Swaths of ocean topography collected from the MASS lidar were carefully georeferenced from the aircraft to an Earth-coordinate frame three-dimensional point cloud. For SOCAL2013 and LCDRI2017, 5-km-long swaths of data collected within 10 km of R/P FLIP (where the atmospheric measurements were conducted) were gridded and interpolated on a regular grid, with the horizontal spatial resolution being a function of the flight altitude: dx = dy = 0.1 m for aircraft altitudes lower than 200 m above mean sea level (MSL), corresponding to a typical swath width of 50–150 m, dx = dy = 0.2 m for altitudes ranging from 200 to 400 m MSL, and dx = dy = 1 m for higher altitudes (with a corresponding swath width of 400–800 m). The data collected along the cross-track edges of the swath were discarded because of high dropout rates (<10%–15% pulse returns). Two-dimensional fast Fourier transforms were computed over 5-km segments with 50% overlap. All segments were first detrended, then tapered with a two-dimensional Hanning window and finally padded with zeros (25%).

To correct for the Doppler shift induced by the relative motion between the phase speed of the wave and the aircraft velocity, each spectrum was corrected iteratively following the method developed by Walsh et al. (1985). The change in wavenumber component in the along-track direction is taken as
δkx=ω/υa,
where ω(k) (rad s−1) is the radial wave frequency, computed from a deep-water dispersion relationship, and υa (m s−1) is the aircraft velocity in the along-track direction.

A similar approach was taken for the data collected during the ISDRI2017 experiment. In that case, as the operational area included very shallow to deep water, we only considered water depth h larger than 50 m.

We next introduce the omnidirectional wave spectrum ϕ(k), defined as the azimuthally averaged directional spectrum,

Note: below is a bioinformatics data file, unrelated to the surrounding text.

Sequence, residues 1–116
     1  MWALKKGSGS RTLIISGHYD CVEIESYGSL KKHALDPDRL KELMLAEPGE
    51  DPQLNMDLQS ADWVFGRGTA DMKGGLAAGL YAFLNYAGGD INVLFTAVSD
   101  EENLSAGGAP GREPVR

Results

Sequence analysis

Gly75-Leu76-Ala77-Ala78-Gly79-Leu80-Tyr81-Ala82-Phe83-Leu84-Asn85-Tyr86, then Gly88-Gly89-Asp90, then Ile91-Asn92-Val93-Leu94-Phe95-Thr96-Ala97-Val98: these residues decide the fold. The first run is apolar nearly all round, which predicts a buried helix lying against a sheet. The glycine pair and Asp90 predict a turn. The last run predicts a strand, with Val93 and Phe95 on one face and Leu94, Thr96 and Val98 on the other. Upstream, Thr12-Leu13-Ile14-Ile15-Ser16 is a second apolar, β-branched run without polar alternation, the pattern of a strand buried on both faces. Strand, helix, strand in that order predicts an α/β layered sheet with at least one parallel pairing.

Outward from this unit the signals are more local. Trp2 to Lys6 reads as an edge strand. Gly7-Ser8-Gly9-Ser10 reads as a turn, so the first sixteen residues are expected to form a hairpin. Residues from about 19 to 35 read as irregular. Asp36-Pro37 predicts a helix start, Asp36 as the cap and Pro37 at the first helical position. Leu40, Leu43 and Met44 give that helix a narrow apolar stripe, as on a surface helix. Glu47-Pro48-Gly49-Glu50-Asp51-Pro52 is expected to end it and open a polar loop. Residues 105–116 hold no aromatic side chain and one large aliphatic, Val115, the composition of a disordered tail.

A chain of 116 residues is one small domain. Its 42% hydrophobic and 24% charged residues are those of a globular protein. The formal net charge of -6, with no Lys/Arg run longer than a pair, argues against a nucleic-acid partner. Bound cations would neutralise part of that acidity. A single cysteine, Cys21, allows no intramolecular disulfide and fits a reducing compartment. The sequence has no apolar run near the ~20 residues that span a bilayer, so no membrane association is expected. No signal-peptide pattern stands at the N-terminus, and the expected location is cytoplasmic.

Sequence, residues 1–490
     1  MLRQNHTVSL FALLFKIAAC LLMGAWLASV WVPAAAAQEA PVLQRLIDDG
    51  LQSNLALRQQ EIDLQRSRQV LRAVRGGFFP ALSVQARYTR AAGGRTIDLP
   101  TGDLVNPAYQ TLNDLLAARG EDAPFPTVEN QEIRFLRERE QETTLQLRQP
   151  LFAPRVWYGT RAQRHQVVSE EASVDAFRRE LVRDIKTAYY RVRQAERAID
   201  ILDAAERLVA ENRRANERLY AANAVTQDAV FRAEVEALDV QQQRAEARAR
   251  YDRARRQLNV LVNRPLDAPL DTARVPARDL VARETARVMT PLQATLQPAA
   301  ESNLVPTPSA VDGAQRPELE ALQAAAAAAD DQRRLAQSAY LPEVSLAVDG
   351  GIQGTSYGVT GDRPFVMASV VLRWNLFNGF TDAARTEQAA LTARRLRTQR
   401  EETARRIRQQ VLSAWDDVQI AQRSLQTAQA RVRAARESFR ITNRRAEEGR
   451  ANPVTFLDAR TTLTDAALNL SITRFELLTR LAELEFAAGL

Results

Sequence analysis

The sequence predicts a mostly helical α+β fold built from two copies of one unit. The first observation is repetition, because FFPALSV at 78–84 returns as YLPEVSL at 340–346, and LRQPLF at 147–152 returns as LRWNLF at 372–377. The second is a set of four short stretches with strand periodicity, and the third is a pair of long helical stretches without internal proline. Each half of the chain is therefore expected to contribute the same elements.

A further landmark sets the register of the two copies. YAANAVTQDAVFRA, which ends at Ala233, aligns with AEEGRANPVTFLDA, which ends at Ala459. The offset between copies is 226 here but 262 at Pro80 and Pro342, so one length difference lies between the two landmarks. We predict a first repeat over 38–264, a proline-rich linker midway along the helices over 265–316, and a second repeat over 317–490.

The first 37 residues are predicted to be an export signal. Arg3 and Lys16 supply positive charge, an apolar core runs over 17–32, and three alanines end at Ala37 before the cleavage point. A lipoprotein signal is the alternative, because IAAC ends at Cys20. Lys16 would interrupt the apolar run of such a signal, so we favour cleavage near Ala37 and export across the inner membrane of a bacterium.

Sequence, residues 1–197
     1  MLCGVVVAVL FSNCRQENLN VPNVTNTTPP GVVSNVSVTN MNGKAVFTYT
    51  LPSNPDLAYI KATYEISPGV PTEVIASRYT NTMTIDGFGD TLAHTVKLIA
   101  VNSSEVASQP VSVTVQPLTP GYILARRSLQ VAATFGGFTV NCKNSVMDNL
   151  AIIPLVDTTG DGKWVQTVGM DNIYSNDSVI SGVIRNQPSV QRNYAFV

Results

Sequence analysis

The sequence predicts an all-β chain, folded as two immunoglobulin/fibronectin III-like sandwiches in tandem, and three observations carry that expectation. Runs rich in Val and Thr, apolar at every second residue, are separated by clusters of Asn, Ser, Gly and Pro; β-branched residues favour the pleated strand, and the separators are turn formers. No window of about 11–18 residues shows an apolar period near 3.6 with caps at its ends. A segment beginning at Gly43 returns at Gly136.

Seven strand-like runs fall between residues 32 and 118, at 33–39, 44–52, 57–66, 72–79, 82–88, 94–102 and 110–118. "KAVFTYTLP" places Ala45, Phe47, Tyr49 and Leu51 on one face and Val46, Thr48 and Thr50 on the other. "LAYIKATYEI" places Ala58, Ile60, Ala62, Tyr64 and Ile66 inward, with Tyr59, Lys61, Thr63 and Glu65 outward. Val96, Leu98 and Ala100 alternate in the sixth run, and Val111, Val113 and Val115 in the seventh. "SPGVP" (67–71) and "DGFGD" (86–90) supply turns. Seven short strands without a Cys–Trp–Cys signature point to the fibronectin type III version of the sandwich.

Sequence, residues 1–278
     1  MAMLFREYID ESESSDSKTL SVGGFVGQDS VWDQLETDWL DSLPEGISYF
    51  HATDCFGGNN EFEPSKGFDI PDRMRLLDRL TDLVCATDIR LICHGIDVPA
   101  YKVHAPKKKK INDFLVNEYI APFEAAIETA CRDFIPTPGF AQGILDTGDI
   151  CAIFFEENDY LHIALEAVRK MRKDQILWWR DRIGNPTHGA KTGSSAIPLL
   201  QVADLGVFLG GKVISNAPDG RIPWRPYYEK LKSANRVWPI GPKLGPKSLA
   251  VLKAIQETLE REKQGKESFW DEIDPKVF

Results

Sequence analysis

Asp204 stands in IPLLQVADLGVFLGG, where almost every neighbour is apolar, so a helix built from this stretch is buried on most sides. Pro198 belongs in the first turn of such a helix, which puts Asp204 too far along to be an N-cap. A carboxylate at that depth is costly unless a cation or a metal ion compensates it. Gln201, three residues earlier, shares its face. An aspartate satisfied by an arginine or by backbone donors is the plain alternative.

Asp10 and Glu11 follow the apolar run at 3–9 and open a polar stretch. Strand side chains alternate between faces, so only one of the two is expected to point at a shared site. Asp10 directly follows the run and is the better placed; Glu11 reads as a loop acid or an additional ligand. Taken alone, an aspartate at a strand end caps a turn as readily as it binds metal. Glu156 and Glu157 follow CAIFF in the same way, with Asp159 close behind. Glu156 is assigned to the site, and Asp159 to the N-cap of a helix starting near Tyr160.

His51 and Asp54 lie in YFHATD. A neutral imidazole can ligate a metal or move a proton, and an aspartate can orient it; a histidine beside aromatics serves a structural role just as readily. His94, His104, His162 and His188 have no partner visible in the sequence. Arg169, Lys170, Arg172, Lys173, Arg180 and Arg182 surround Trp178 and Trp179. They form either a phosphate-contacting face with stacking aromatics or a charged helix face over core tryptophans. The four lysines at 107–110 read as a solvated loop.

ϕ(k)=02πF(k,θ)kdθ,
where F(k, θ) is the wave directional spectrum. Figure 1a shows an example of the azimuthally integrated omnidirectional spectrum computed from data collected during the SOCAL2013 experiment. The variable kp represents the spectral peak wavenumber of the wind-generated waves. The separation at wavenumber kn of the spectral slopes into −2.5 (equilibrium) and −3 (saturation) regions is clear, and in this case the transition wavenumber kn is found to be equal to 0.6 rad m−1.
Fig. 1.
Fig. 1.

(a) Example of the omnidirectional wavenumber spectrum collected on 15 Nov 2013 during the SOCAL2013 experiment using observations collected from an airborne topographic scanning lidar (Lenain and Melville 2017). Note the presence of both equilibrium and saturation ranges, showing both −5/2 and −3 spectral slopes over the three-decade bandwidth of the data. (b) Transition wavenumber kn plotted against g/u*2 for three experiments (SOCAL2013, LCDRI2017, and ISDRI2017). The Phillips (1985) parameter r=knu*2/g is best fit to the data (red dashed line) and is equal to r = 9.7 × 10−3. The white circles represent bin-averaged values.

Citation: Journal of Physical Oceanography 50, 12; 10.1175/JPO-D-20-0116.1

b. Improved parameterization of the equilibrium–saturation range transition